A roundup of technologies and tools from past columns provides a strong basis for this task
The latest Windows version supports the notion of booting from one big file—called a VHD file—that stores an entire C drive. It's a interesting technology, but to try it out, you need a VHD file that both contains an OS and is bootable. In the past year or so, I've examined some of the technologies and tools that make boot-from-VHD possible, and in this column, I'll bring some of them together so that you can assemble a bootable VHD file. (The cool thing about this column is that I'm not going to show you any new commands—just a new way to fit them all together into one big Windows power tool.)
Microsoft offers two paths to get a system into VHD-able state. I covered the first—Disk2VHD—a few months back. The second approach involves several steps and tools but might be the preferred (or sometimes the only) way to get from "working prototypic computer" to "bootable VHD."
You first need to set up a prototypic PC that meets your organization's needs, is outfitted with applications, has an appropriate default user profile, and so on. Then, run
sysprep /generalize /oobe /shutdown
on that prototype system, as I discussed several months ago. (You can also choose at the Sysprep stage to embed a file with initial startup instructions, but that's a discussion for another day.)
At this point, you have a system that's ready to be duplicated and rolled out to other systems—once you've used an imaging tool to capture the contents of its C drive, as you've done over the years with tools such as Symantec Ghost or Drive Image Pro. However, unlike the one-step deployment procedures you've used in the past, this task involves three steps: Boot the prototype system from Windows Preinstallation environment (WinPE), use ImageX to capture the system to a .wim file, use Diskpart to create a VHD large enough to hold Windows 7, attach the VHD as a drive letter, and use ImageX to apply the new .wim to the newly attached VHD.
Thus, your next task is to boot your Sysprep-prepared prototypic system with WinPE (via USB stick, CD, or whatever) so that your system is ready to run ImageX. You're going to image the C drive (which is probably fairly large), so you'll need somewhere to store the .wim file that ImageX will create. Anything will do, so long as it presents itself as a drive letter (e.g., an external USB drive, a mapped share). Also, sometimes WinPE re-letters the drives, so you might have to poke around to figure out which drive letter is the actual C drive on the Sysprepped system. Let's assume in this case the C drive is indeed the C drive and that you've hooked your system up to an external drive as drive S. The ImageX command to capture this system would look like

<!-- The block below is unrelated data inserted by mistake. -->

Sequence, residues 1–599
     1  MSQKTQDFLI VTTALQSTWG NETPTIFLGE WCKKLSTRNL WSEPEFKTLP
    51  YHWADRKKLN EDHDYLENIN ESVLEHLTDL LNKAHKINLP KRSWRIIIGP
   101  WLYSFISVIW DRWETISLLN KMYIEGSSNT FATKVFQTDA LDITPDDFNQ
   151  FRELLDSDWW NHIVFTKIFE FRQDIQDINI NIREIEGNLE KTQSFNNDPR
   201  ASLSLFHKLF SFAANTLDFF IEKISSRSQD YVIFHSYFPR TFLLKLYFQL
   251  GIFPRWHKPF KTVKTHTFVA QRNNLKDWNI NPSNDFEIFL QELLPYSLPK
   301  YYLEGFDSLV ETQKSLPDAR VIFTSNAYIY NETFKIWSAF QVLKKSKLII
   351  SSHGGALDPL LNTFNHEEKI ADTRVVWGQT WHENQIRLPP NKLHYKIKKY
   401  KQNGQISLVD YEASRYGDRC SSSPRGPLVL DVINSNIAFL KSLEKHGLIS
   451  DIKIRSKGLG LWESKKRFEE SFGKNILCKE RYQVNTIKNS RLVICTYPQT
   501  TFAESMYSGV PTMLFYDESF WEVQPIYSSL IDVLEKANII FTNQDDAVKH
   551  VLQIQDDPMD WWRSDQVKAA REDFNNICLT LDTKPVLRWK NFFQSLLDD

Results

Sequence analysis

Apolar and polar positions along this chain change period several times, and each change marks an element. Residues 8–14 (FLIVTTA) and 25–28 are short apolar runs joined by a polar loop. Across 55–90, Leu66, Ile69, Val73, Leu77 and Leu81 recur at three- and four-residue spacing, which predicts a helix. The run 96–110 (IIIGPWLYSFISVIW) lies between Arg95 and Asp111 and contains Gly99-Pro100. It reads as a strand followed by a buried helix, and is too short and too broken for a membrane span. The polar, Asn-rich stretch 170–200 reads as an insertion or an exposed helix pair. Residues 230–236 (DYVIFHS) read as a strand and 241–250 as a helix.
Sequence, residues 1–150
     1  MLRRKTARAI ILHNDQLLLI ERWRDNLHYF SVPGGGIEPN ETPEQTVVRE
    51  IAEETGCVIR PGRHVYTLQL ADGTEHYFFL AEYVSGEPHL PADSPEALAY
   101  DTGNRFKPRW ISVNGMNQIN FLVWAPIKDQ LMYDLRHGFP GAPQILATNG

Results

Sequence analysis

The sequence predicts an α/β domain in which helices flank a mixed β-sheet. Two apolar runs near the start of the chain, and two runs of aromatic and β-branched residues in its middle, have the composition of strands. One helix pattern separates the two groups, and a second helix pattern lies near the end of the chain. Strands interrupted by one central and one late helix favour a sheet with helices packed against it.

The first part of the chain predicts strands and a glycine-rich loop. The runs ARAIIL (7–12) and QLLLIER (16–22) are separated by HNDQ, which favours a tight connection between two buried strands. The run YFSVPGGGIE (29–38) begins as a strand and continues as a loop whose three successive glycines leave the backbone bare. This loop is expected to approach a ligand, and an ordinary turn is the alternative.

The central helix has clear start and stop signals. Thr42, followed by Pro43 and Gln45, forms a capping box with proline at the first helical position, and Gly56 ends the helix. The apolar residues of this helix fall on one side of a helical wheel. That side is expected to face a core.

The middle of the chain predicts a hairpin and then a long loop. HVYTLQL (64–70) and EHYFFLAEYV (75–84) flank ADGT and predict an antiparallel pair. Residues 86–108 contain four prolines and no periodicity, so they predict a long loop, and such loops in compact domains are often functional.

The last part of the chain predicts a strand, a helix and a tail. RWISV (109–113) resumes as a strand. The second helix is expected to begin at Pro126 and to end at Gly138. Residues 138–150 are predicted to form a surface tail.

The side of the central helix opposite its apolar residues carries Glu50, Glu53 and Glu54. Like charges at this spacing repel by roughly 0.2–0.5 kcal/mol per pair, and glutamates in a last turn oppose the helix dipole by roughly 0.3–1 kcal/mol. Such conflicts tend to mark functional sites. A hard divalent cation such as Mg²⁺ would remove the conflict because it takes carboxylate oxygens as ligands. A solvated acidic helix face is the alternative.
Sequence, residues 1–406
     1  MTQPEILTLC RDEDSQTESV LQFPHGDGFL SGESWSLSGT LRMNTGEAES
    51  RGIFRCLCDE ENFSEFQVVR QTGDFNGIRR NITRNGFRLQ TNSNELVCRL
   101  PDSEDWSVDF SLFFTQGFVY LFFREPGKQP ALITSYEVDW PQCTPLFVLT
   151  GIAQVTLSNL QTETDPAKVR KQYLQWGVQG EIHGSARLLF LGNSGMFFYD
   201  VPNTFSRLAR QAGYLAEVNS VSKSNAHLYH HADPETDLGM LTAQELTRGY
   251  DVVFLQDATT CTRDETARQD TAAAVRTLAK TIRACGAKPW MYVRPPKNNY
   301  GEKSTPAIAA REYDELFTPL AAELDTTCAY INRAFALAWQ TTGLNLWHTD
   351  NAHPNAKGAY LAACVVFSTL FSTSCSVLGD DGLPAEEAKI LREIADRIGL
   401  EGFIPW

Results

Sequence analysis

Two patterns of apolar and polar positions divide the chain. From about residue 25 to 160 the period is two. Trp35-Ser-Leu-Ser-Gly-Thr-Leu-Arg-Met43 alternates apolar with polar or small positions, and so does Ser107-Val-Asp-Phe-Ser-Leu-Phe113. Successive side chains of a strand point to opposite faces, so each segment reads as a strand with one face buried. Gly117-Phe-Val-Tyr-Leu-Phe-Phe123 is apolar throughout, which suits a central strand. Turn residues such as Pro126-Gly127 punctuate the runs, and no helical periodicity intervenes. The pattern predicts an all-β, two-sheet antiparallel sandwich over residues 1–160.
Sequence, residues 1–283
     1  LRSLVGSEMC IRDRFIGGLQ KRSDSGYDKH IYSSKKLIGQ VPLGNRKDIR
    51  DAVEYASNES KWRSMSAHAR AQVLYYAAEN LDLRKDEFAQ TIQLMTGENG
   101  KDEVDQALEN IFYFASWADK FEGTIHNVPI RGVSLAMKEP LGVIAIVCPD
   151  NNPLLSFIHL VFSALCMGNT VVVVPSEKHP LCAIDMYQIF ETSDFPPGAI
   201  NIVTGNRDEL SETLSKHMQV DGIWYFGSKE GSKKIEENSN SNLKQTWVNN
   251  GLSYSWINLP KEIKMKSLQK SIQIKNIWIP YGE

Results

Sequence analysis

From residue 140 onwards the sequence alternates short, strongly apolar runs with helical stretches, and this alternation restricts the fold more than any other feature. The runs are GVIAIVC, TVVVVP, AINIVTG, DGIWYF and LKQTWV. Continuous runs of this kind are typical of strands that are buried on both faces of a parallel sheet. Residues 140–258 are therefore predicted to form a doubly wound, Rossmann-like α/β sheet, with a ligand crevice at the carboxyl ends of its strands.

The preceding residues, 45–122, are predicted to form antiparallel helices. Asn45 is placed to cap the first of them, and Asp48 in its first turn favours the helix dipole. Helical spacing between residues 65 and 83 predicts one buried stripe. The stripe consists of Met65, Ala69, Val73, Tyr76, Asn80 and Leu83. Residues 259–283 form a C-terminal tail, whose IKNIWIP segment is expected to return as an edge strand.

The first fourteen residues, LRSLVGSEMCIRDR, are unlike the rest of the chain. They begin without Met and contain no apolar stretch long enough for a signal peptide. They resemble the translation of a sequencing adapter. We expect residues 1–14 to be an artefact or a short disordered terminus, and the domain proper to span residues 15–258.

imageX /capture c: s:\baseimage.wim "Prototype desktop image" /verify
That command converts the C drive into a .wim file, checking with the /verify option that C's data got copied without any errors.
Next, you'll need a VHD that you can apply the .wim to. You'll use Diskpart to create, select, and attach a VHD on S, and then to partition and format it. In this example, I'll arbitrarily set its size to 100GB, as follows:
create vdisk file=s:\vhds\deployimage.vhd maximum=100000
select vdisk file=s:\vhds\deployimage.vhd
create partition primary
format fs=ntfs quick label="Standard image"
I discussed the Create Partition, Active, Format, and Assign Letter commands last year, and I showed you the Create Vdisk, Select Vdisk, and Attach Vdisk commands a few months ago. This command gives the VHD a drive letter of T so that you can run ImageX and tell it to apply the .wim file that it just created to drive T, like so:
imagex /apply s:\baseimage.wim 1 t:\ /verify
Recall that ImageX needs the 1 to clarify which of the images in baseimage.wim to use. (As I've explained in past articles, .wim files can support multiple images.) Yes, there's only one image there, but ImageX needs things kept very, very clear. Again, the /verify option tells ImageX to take some extra time and ensure that the data copied without error. Finally, tell the system what you’re doing with drive T and to let you disconnect it:
And with that, you've got your first bootable VHD. But how do you use it? Stay tuned!